David Ferrer is Exactly Where He Wants To Be
By Yeshayahu Ginsburg
David Ferrer is exactly where he wants to be. Over the past few years he has made himself into the most consistent player in the game outside the “Big 4”. He is a warrior on the court who plays a dogged, determined defensive game that frustrates and wears down his opponents. He rarely loses matches to lesser opponents. His tenacity and consistency has brought him up to a career-high ranking of World #4, and he can honestly be within striking distance of #2 in the coming months.
Aside from his hard-working, fighting play, Ferrer is also known (unfortunately) for not being able to beat the top players. He doesn’t have the power to hit past Nadal, Federer, and Djokovic, and their consistency, weight, and depth of shot really gets past Ferrer. Djokovic and Nadal do the same thing Ferrer does, only better. Federer , one of the cleanest ball-strikers in tennis history, is just a terrible matchup for Ferrer’s style.
As we saw in their tough duel on Sunday, Murray is really the only one of the “Big 4” that Ferrer can beat. Ferrer can go toe-to-toe with Murray from all over the court and can find a way to wear Murray down or even hit the winning shot in a rally, something he can’t do against the other three top players. Being seeded against Murray has been Ferrer’s dream draw for the past few years, because it greatly increases Ferrer’s chances of getting that one round farther in a big tournament.
Ferrer probably benefited the most from Nadal’s absence in the second half of 2012. First of all, it meant that a player who Ferrer basically can’t beat on even terms wouldn’t be competing. Second of all, it gave Ferrer a chance to have his own quarter of the draw and not worry about meeting the other “Big 4” members until the semifinals. And Ferrer took full advantage of this, reaching the semis of both Slams in which he was a top 4 seed. Also, by winning the Masters 1000 tournament in Bercy he gave himself a nice boost to pass Nadal in the rankings before Rafa returned.
This is where we reach the important part. Ferrer saw an opening that he was granted and, like he almost always does, took it. He has basically solidified his position ahead of Nadal until Wimbledon (as long as he doesn’t do incredibly poorly at the clay Masters events). This means that he only has a 25% chance of meeting Nadal before the semifinals at the big clay tournaments. If he can avoid having Nadal drawn in his quarter, he will be a strong favorite to reach the semis at Monte-Carlo (which Federer is skipping so he can’t meet Nadal earlier anyway), Rome, Madrid, and Roland Garros.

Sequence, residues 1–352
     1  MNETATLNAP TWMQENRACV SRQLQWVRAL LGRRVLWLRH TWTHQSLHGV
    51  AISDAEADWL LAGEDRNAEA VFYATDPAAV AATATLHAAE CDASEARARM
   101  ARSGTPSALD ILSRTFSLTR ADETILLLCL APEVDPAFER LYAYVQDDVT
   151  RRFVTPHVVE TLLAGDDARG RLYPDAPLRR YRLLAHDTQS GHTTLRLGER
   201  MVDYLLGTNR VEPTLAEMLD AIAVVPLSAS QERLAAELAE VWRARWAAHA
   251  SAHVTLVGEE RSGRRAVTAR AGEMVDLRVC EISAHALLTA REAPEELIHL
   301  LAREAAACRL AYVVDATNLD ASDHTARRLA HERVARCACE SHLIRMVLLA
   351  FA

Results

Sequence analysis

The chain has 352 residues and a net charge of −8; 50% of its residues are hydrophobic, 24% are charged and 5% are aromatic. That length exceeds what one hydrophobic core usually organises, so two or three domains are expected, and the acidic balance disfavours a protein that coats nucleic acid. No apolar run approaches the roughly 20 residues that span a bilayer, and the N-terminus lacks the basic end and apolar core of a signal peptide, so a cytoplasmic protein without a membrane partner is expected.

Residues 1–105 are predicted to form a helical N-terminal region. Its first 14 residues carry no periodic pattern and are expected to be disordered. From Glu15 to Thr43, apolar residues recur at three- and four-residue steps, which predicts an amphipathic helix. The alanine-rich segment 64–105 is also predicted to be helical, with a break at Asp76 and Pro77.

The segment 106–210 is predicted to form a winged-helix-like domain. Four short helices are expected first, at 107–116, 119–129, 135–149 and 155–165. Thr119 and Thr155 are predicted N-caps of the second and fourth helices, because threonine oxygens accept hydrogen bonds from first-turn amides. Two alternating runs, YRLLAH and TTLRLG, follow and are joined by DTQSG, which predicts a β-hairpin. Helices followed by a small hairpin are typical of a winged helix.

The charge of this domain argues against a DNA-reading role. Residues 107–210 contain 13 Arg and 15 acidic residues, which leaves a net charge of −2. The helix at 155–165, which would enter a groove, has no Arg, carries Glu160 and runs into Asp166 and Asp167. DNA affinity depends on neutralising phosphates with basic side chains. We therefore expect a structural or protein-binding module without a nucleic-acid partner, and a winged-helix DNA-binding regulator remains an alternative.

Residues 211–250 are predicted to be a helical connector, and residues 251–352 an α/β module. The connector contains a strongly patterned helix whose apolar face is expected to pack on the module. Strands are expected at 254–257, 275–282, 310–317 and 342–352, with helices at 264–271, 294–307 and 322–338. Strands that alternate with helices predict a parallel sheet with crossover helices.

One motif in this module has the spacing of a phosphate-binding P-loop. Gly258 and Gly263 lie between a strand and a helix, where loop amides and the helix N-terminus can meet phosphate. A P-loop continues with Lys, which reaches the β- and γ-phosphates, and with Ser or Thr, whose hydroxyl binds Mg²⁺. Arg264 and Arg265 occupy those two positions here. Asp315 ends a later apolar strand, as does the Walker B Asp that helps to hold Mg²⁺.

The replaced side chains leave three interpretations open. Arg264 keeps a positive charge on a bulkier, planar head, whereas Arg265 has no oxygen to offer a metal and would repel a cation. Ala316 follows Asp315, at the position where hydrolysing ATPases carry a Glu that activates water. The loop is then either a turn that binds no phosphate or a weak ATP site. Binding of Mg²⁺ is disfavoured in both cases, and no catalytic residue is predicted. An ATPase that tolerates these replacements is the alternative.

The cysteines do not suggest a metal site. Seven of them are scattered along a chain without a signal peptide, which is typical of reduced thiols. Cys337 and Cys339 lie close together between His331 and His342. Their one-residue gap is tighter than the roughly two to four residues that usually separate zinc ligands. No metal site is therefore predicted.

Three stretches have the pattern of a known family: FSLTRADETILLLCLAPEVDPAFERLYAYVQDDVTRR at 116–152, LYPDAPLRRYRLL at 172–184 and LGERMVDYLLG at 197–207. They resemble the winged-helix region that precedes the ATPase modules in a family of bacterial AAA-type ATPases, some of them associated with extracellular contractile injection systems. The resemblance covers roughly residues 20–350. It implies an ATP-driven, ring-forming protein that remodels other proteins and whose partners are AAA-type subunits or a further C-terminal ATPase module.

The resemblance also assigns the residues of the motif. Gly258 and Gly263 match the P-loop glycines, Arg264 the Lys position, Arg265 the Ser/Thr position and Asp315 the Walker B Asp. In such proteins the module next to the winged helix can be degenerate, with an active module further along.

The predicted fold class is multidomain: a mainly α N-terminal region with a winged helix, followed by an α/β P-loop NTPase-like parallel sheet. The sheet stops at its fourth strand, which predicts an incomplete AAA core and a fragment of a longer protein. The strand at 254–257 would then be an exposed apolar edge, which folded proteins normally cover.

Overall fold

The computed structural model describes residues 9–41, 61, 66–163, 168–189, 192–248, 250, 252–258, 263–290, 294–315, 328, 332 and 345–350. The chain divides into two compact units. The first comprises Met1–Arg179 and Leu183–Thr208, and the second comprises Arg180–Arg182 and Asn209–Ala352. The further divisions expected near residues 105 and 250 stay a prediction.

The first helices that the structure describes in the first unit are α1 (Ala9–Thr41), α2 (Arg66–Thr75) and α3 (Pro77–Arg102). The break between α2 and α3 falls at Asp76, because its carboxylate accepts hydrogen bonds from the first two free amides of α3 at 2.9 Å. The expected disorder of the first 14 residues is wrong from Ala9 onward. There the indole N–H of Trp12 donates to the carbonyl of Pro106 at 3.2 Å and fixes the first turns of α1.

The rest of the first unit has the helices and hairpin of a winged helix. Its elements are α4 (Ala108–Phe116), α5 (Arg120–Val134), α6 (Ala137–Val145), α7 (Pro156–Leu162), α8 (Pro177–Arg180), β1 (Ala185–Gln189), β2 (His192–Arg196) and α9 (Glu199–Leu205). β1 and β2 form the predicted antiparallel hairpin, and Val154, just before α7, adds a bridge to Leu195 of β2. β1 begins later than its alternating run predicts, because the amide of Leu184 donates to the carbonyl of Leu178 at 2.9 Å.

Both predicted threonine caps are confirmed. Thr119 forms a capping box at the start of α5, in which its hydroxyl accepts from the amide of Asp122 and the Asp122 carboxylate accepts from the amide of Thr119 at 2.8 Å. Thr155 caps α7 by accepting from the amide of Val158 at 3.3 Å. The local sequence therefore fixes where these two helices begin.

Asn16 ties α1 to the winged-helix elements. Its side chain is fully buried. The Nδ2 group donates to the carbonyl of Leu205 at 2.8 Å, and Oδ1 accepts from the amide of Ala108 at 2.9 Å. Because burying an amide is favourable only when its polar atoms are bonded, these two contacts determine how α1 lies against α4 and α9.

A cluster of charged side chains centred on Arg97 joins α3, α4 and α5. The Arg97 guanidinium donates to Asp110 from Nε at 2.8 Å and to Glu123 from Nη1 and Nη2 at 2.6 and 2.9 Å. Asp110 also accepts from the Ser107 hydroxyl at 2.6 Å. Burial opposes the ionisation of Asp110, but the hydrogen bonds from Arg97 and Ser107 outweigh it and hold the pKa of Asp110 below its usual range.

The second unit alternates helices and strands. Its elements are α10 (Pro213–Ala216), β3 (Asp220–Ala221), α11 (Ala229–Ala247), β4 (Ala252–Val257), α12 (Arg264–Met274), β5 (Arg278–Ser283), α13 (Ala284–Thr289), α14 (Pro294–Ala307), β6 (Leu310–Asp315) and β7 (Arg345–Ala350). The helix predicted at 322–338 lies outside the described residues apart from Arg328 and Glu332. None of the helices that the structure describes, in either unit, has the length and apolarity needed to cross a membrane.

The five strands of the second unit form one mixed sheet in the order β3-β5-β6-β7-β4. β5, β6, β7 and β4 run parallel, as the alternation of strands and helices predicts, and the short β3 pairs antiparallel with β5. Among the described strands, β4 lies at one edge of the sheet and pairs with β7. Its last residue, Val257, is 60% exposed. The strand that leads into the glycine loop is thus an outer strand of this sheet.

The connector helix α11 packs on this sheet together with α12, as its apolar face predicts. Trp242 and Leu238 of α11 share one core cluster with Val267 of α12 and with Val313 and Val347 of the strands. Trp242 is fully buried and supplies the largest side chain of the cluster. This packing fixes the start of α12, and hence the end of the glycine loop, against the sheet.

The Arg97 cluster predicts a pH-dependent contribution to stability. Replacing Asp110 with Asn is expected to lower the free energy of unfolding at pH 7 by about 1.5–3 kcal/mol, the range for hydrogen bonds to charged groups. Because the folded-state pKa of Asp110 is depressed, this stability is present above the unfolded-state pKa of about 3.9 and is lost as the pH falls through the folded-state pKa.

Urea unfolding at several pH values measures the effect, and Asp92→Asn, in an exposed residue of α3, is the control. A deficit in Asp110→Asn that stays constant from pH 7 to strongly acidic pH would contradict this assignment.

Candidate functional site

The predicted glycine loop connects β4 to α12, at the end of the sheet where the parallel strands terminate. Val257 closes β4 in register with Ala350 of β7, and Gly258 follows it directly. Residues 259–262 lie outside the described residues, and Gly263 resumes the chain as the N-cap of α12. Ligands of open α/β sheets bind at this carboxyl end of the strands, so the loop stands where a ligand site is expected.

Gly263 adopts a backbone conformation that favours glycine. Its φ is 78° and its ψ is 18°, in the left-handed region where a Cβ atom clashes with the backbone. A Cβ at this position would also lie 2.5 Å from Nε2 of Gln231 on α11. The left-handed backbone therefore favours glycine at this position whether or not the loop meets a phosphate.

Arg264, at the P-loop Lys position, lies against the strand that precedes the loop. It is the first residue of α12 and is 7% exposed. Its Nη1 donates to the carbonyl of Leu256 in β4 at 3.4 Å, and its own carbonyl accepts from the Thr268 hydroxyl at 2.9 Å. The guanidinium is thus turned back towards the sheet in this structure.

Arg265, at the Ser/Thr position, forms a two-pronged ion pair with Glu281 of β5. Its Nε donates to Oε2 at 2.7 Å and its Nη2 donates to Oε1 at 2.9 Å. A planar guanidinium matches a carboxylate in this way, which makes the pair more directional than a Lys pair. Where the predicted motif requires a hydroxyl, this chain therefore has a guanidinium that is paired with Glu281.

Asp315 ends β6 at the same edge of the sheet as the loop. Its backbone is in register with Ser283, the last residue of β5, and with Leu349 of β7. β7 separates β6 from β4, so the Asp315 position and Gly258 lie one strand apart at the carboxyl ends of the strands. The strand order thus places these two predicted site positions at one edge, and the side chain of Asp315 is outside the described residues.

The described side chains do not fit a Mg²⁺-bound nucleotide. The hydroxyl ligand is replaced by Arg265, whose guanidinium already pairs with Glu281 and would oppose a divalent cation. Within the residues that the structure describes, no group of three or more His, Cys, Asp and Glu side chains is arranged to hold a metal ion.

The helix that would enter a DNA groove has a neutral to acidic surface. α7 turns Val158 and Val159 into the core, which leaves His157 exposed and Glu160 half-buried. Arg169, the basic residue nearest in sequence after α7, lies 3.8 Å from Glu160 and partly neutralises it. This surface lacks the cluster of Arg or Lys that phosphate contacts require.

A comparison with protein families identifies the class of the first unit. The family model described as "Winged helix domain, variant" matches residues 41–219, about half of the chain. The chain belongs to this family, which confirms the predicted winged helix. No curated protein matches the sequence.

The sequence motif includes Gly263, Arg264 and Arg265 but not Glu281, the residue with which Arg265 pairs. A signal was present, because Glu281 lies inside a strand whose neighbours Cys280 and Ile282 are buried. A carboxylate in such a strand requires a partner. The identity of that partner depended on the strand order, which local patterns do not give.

What might be even more important than that to Ferrer, rankings-wise, actually occurred because he lost to Miami final to Murray. That win allowed Murray to move to World #2. If Djokovic and Federer are the top 2, then Ferrer will meet one of them in a semifinal. But with Murray ranked ahead of Federer, Ferrer now has a 50% chance of being drawn in Murray’s half. Murray is better than Ferrer, but head-to-head Ferrer is a slight favorite on clay. This means that, if the current rankings hold until the French Open, Ferrer actually has a chance to avoid all of Djokovic, Federer, and Nadal until the final of a Masters or a Slam.
The draw has always been big for Ferrer. It was always about avoiding those other top players that provide a near-impossible matchup as long as possible. Now, though, the draw could be Ferrer’s best friend. The odds are that he will get his dream draw at least once out of the 4 big clay tournaments coming up (the three clay Masters and the French Open). It is likely that, at least once, Ferrer will be able to reach a big final and be relatively well-rested in doing so. And maybe, just maybe, in a one-match situation the warrior can produce some more of the magic that we’ve grown to love.